“This service has made significant savings. We’ve taken £200m a year out of the core cost of policing, I don’t think we’ve had the recognition and acknowledgement that that provides.

“We’ve had real time protection but that’s only kicked in since 2015/2016, but the core cost of policing is £200m less every year than it was prior to Police Scotland coming into being (in April 2013).

“So our deficit is because actually our budget has been cut even greater than the savings that we’ve managed to achieve.

“So my pitch is, can we get some of those savings back?”


Bank robber forgot to cut eye holes in pillowcase mask

Armed robber had to ditch disguise because he couldn't see what he was doing.

Davies managed to escape the bank with nearly £2000. Google 2019

A bank robber put a pillowcase over his head to hide his identity – then had to take it off because he couldn’t see.

Matthew Davies stormed into the Bank of Scotland branch in Dunfermline, Fife, armed with a meat cleaver last September.

The 47-year-old pulled the weapon from a pillowcase before putting the bedding item over his head.

But the High Court in Glasgow was told Davies had to quickly to remove it because he hadn’t created eye holes.

Davies, from Dunfermline, still managed to get his hands on almost £2000 – before sauntering off and then petting a dog.

He was caught after a brave customer from the bank followed him home then called police.

Davies pleaded guilty to assault and robbery and will be sentenced next month.


A9 to close for three nights for bridge beam installation

The A9 will be closed for three nights as new bridge beams are installed.

A9: Will be closed overnight.

The A9 will be closed for three nights next month as a final set of bridge beams are installed.

Drivers have been advised to allow extra time for their journeys during the closures that will take place between 8.30pm to 6am on Wednesday 12 and Thursday 13 in February and from 10pm to 6am on Friday if needed.

The closures are in place for the installation of precast concrete beams at Gelly overbridge as the A9 dualling: Luncarty to Pass of Birnam project reaches its final stages.

Work will take place over the existing carriageway and more than half of the deck area will be landscaped to provide a safe route for a variety of wildlife to safely cross over the A9.

A number of ‘green bridges’ have been built on projects in Scotland including three on the recently opened Aberdeen Western Peripheral Route.

The Gelly overbridge, north of Bankfoot, is the most northern structure on the project and will provide access to adjacent landowners and residents.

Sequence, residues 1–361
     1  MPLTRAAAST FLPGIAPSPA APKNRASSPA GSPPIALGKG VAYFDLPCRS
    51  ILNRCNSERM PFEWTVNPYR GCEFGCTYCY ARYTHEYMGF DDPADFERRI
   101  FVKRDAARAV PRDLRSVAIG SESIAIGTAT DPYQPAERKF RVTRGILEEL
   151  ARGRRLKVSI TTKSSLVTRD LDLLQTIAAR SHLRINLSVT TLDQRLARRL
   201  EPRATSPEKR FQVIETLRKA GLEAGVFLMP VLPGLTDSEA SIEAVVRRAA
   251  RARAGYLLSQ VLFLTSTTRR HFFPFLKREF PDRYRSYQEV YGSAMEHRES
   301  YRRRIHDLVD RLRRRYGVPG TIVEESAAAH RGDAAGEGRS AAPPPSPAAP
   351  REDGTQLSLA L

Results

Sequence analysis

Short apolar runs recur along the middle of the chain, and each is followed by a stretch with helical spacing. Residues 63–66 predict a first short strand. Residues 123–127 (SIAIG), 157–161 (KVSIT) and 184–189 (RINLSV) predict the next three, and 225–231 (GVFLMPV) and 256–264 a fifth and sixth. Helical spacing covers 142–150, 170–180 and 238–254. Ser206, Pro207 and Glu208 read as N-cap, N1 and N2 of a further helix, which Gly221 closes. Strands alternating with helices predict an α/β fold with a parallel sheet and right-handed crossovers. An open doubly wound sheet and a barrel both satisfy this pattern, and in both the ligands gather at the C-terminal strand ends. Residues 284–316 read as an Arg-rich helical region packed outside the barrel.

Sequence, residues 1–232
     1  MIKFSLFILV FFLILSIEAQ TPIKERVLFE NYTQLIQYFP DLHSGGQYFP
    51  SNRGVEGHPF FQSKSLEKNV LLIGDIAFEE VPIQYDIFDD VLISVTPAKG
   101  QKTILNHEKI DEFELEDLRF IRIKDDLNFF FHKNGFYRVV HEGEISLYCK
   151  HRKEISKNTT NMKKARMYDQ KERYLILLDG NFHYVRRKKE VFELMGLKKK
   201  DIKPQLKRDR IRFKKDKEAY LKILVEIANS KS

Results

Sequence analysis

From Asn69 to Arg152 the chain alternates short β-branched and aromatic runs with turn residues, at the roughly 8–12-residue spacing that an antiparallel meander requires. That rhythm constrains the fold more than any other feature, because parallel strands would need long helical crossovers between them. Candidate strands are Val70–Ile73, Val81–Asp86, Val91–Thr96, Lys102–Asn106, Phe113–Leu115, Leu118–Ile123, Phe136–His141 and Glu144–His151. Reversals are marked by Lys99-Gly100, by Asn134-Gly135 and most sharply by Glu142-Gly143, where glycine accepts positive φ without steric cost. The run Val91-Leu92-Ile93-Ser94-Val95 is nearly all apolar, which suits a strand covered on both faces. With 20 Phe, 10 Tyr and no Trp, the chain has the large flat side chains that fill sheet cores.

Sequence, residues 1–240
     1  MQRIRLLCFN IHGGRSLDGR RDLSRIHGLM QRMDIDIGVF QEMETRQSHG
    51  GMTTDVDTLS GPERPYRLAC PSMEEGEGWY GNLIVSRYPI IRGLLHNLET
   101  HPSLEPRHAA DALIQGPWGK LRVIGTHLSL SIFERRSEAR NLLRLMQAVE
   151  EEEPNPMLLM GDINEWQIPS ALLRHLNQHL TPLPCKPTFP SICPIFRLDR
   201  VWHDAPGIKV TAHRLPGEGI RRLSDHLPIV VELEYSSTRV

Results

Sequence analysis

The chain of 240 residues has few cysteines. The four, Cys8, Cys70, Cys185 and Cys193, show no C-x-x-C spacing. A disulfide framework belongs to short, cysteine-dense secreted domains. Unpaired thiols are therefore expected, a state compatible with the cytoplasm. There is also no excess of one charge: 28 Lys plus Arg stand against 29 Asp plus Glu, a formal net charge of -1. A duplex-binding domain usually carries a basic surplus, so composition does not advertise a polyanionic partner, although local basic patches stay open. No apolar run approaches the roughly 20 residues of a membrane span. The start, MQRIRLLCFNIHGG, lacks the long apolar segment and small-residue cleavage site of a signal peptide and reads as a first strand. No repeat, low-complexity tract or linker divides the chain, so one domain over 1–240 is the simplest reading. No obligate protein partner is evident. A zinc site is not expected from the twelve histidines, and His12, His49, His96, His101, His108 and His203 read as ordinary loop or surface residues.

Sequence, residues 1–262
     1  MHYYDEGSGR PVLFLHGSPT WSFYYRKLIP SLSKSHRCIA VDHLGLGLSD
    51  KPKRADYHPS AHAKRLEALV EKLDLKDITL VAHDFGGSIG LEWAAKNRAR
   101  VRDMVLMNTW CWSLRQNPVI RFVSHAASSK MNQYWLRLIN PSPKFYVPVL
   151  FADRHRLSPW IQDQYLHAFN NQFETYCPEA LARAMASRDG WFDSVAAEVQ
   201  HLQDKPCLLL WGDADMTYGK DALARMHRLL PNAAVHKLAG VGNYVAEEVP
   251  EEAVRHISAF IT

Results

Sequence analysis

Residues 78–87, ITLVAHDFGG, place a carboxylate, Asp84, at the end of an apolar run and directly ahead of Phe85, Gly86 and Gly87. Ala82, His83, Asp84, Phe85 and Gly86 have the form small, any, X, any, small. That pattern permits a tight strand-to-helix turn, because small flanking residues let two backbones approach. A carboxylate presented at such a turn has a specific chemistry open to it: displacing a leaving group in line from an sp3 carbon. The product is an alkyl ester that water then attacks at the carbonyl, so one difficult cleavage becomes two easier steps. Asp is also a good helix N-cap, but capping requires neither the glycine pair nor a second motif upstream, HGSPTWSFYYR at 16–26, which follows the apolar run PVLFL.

February 14 has been included as a contingency date as the work will be weather dependent as heavy lifting operations are sensitive to high winds.

The closures may be postponed if poor weather is forecast.

In the event that the works are completed on the first two nights, the third overnight closure will not be required.

Signed diversion routes will be in place during the closures and access for emergency vehicles will be maintained at all times.

Upon completion of the project, road users will benefit from 15km of continuous dual carriageway from Inveralmond roundabout in Perth to Pass of Birnam. 


SFA: Morelos gesture was dealt with after Celtic game

The governing body has revealed that the Rangers striker was reported for additional misconduct.

Morelos was sent off during Rangers ' win at Celtic Park. SNS

Rangers striker Alfredo Morelos will not face further action over the gesture he made during his side’s 2-1 win over Celtic, with the Scottish FA revealing the incident was dealt with on the day of the game.

Morelos was sent off after picking up a second yellow card late in the game and while leaving the pitch he made a gesture to the Celtic fans, drawing his hand across his neck.

Some interpreted the gesture as a ‘throat-slitting’ mime and called for the Scottish FA to take retrospective action. Rangers said in a statement that it was “used commonly throughout South America to indicate quite simply that something – in this case, the match – is finished”.

It has now been revealed that match referee Kevin Clancy dealt with the incident after the final whistle, cautioning the player for additional misconduct.

Morelos will sit out Rangers’ next three games, beginning with the match against Stranraer on Friday evening. He is suspended for that Scottish Cup tie because of his disciplinary record in the competition last season.

The prolific striker will then miss the Premiership match against Hearts as the ban for his sending-off against Celtic, and then serve an additional match suspension against St Mirren because he had previously been sent off against Motherwell earlier in December.